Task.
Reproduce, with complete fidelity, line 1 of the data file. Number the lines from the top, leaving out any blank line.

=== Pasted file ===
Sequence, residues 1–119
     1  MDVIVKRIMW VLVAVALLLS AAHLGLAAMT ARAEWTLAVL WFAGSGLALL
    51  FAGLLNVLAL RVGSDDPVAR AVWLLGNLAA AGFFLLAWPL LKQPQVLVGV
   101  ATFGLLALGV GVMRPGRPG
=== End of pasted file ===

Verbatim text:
Sequence, residues 1–119